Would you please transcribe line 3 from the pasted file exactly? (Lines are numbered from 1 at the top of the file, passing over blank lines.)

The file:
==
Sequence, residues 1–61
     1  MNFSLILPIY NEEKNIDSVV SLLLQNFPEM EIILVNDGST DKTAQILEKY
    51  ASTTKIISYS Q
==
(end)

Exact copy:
    51  ASTTKIISYS Q